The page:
Working at height involves a certain level of risk to workers. It’s critical that the correct safety system is selected as part of risk control based on the application requirement, namely fall arrest, fall restraint and fall prevention. The correct selection is based on proper understanding of these working at height terminologies.
Sayfa Group provides a simple explanation of these three different terms used extensively in the height safety industry. It is very important to follow the hierarchy of risk control:
- Eliminate the risk by undertaking the work at ground level or from a solid construction.
- Substitute the means of performing the work to a safe zone.
- Isolate the hazard by providing a barrier or fence.
- Engineer the risk by using a control measure such as a fall arrest system.
- Administer the risk by using signage, line marking and operational instructions.
According to the hierarchy of control, this is the highest form of protection and removes the risk of the worker falling by providing a barrier between them and the fall hazard. Guardrails and skylight protectors are examples of the types of equipment in this category.
This method requires the least amount of operator competence for working at heights.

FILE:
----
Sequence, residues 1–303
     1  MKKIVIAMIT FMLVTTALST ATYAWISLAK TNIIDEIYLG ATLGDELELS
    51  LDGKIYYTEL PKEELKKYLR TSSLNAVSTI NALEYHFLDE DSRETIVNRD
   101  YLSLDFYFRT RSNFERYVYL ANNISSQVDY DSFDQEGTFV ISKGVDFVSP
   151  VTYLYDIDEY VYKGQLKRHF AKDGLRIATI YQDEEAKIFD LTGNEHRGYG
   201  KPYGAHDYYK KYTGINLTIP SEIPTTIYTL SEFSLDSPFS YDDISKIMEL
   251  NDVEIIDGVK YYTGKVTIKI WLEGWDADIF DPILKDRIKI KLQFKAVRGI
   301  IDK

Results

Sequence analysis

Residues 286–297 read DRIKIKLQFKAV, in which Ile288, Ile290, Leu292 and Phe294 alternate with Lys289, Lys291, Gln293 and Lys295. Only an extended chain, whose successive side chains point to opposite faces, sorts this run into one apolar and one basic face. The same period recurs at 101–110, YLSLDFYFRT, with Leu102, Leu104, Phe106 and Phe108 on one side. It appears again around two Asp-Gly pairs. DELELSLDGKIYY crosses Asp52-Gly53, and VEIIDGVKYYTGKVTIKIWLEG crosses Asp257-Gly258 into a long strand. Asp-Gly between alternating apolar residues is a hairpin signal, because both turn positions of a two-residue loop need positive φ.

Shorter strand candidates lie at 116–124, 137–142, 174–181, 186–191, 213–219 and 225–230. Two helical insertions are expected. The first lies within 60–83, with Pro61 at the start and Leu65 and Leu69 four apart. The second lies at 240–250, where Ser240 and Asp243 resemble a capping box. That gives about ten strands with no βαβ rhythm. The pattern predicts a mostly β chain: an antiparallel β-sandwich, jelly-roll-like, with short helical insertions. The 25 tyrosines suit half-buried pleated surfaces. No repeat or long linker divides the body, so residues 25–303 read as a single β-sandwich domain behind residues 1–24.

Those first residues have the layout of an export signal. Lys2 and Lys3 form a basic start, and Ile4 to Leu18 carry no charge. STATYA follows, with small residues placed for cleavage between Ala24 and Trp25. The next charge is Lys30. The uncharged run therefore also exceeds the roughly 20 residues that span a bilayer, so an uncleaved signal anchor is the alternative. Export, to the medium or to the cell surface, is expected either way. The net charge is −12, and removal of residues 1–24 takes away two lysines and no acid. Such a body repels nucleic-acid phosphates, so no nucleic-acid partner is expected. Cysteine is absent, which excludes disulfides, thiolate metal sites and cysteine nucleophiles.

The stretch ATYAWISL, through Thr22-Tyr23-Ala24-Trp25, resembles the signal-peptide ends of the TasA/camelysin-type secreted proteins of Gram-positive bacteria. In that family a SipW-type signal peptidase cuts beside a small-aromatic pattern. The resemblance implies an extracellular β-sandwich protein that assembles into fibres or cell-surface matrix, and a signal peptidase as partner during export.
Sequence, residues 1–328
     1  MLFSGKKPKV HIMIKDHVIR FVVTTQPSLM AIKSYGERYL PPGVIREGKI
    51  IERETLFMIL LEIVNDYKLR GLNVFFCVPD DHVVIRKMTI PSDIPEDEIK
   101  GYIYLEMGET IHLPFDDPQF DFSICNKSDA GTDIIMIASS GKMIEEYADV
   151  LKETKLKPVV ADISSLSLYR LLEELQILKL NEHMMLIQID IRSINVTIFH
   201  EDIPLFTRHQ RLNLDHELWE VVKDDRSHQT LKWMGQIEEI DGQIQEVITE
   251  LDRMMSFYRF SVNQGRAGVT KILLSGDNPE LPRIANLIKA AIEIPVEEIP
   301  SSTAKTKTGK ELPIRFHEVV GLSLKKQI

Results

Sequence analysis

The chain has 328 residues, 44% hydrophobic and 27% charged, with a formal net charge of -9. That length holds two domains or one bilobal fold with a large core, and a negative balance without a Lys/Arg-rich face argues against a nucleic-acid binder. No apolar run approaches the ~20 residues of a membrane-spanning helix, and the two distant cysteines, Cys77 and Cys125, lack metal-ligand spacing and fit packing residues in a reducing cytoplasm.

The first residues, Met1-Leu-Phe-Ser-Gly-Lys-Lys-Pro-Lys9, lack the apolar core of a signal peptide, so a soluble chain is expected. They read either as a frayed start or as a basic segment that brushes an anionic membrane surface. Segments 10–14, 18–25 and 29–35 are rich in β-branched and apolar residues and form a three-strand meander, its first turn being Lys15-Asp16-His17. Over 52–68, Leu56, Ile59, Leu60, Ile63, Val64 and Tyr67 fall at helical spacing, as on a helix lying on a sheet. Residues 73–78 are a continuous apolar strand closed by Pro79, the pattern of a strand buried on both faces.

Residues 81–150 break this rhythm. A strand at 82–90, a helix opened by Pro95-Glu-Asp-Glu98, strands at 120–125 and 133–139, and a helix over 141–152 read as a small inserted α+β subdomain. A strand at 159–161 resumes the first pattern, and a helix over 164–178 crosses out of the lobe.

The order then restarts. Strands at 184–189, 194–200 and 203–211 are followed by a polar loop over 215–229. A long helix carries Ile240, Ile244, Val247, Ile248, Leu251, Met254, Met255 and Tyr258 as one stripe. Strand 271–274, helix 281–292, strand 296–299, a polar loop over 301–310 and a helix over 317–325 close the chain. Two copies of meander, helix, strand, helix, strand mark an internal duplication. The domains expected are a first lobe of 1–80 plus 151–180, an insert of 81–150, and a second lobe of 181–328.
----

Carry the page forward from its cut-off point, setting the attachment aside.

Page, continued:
This system restricts the movement of the worker in reaching the fall edge. The lanyard is typically a fixed length system that does not extend past the fall edge and effectively acts like a leash preventing a fall arrest situation. This method is dependent on correct operator use, especially if an adjustable length lanyard is being used.
Static lines and anchors are commonly used as fall restraint systems. User competence and system training are essential when using fall arrest equipment. It is important that anchorages and support structures are fall arrest rated (15 kN) even if the system is used as a restraint system.
This type of protection arrests the fall of a worker once it has occurred. It does not prevent the worker from falling and has the highest potential for injury. A rescue plan must be in place prior to any person using the fall arrest device.
Overhead rigid rail systems are often used for fall arrest applications.
In the hierarchy of control, this form of protection is the least favourable; however, it is still a useful option when other methods are not practical for any specific application.